As a writer who’s wanted to be published since before I hit puberty, and still looking for the Holy Grail of writing – the Three Book Contract – now I’m in my fifties, I have to confess to getting somewhat churlish when I hear some young bright thing’s first novel has been taken up by a trade publisher. There’s that twist in the gut and the sense of nausea, and the surge of panic that I only otherwise get when someone else hits on my significant other. It’s jealousy, of course. I admit it.
Well, serves me right for not submitting to enough agents, but I was never good at dealing with rejection. Getting over that is still a work in progress.
My next reaction is a deeper sense of panic – that if too many new authors get all the contracts, there won’t be any left for me. I’ll be left behind, forever in the slush pile, and my efforts, my loves, my dreams will be forever hitting an agent’s trash box.
Perhaps it’s a learned response. My first (and looking back rather embarrassing) efforts at novel writing came at a time when getting represented, winning a contract, getting a book on the shelves and that glorious, shiny advance was the only path to authorhood. There was a rigid structure to how the publishing industry operated – mainstream publishers were on the throne, and agents were gatekeepers to the throne room.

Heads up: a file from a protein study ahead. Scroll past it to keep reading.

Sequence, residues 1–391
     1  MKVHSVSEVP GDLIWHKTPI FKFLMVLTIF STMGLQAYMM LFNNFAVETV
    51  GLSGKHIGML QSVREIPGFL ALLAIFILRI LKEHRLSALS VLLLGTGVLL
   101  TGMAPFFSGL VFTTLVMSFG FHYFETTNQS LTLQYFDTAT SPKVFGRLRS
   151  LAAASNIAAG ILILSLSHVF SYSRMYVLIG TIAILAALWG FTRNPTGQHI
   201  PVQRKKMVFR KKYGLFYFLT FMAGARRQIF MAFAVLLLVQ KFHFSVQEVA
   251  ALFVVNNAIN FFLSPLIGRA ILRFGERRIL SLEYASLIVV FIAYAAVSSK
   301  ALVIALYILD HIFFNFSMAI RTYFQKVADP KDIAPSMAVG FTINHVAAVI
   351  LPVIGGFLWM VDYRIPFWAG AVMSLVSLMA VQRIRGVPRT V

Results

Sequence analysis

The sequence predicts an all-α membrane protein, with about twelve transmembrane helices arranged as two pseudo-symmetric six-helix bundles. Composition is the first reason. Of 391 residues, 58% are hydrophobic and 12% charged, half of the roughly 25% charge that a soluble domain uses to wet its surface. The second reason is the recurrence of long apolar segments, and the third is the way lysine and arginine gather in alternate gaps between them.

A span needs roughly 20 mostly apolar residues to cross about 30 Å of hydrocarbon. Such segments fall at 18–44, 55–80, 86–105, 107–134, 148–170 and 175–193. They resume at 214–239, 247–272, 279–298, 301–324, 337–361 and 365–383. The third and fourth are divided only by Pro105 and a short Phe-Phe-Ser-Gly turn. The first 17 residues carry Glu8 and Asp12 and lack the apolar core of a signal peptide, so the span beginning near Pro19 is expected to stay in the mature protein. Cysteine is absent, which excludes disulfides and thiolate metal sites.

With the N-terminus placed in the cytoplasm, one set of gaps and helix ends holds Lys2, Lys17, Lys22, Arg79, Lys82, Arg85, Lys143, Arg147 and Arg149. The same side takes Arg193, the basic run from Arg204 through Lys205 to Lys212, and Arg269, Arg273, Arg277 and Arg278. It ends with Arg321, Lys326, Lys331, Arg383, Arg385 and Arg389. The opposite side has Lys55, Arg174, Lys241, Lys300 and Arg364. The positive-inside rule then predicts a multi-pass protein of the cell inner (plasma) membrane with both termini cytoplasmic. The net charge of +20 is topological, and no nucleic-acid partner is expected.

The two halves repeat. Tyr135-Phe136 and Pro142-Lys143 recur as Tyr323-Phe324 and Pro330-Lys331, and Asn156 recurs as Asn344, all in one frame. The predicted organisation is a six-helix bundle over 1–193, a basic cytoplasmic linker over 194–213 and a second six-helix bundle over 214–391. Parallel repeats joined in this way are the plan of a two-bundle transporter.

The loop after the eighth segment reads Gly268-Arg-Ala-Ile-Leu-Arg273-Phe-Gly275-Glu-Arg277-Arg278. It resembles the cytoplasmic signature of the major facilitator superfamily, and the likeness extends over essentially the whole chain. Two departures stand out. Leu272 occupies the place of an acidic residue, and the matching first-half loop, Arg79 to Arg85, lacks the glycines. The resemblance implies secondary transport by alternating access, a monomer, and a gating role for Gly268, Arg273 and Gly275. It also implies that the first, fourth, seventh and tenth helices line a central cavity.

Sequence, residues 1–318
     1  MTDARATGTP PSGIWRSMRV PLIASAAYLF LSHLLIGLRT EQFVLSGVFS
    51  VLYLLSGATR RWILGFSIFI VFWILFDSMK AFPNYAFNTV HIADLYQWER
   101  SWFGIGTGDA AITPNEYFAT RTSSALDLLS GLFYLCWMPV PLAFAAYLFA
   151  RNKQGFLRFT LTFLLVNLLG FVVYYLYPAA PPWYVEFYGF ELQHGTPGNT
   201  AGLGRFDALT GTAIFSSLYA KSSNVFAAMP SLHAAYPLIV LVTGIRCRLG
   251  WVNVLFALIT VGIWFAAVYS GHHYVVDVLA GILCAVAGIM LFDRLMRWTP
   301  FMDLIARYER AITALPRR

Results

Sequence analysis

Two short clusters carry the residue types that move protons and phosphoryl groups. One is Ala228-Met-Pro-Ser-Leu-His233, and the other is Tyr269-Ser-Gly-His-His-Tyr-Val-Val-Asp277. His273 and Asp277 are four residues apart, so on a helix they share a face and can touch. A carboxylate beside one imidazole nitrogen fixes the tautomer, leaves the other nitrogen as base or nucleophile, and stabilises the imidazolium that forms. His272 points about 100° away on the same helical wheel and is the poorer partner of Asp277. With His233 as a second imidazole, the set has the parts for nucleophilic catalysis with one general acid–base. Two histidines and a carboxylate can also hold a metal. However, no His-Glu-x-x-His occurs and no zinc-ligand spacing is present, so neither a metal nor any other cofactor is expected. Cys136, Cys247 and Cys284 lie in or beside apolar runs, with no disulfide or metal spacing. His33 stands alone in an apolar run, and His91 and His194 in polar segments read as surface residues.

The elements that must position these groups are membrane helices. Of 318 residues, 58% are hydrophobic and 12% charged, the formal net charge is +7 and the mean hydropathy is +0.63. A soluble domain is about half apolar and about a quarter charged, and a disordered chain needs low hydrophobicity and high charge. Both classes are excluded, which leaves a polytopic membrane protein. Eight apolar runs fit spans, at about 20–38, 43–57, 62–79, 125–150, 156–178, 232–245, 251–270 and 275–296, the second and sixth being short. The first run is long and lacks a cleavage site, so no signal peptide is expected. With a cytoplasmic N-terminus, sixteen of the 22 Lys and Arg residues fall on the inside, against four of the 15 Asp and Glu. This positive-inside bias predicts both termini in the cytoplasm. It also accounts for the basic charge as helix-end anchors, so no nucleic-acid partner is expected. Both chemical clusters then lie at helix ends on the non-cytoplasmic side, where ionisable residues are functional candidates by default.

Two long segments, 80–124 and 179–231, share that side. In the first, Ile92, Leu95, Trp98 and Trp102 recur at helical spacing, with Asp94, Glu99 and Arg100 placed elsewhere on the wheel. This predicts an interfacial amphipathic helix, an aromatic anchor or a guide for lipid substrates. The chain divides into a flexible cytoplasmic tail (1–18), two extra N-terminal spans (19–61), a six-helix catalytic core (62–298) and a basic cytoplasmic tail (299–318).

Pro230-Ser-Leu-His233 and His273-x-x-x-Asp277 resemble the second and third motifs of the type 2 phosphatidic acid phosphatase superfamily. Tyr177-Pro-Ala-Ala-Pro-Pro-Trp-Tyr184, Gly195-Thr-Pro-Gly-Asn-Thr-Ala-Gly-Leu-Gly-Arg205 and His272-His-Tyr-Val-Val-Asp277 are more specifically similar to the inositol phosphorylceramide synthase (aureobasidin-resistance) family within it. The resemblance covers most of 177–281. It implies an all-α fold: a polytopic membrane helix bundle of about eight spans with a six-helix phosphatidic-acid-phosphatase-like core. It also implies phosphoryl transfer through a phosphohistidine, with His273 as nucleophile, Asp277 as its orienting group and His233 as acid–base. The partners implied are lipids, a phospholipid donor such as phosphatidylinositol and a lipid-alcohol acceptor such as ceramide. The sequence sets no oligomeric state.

Over the last decade that has changed, and fairly radically. With the advent of digital books, many publishing houses (and sadly, bookshops) are in decline and agencies are falling by the wayside, while the likes of me – poor, wannabe writers – are able to sit at their own desk and publish their own books without all the waiting and (mostly) inevitable rejection to contend with.
Anyone can publish their book? Surely that means… millions of other writers are out there, publishing their own stuff, just like me. That means there must be (tots it up) lots and lots of other books out there competing with mine! Cue the jealousy again, because all those other self-published writers are surely more capable and readable than me. Those readers who could be consuming my books will almost certainly be reading their stuff instead. And there are only a finite number of readers. Right?
Well, true enough. But when I think about it more clearly, how many books does one reader get through in, say, a year? An avid reader might get through dozens, while writers (even the quickest) can only push out a decent offering once every one or two years. Realisically, there are more than enough readers to keep a writer going, and if they’re any good at writing, and good at their marketing, they might even make a living out of it.
All that jealousy stuff. I really need to get over it.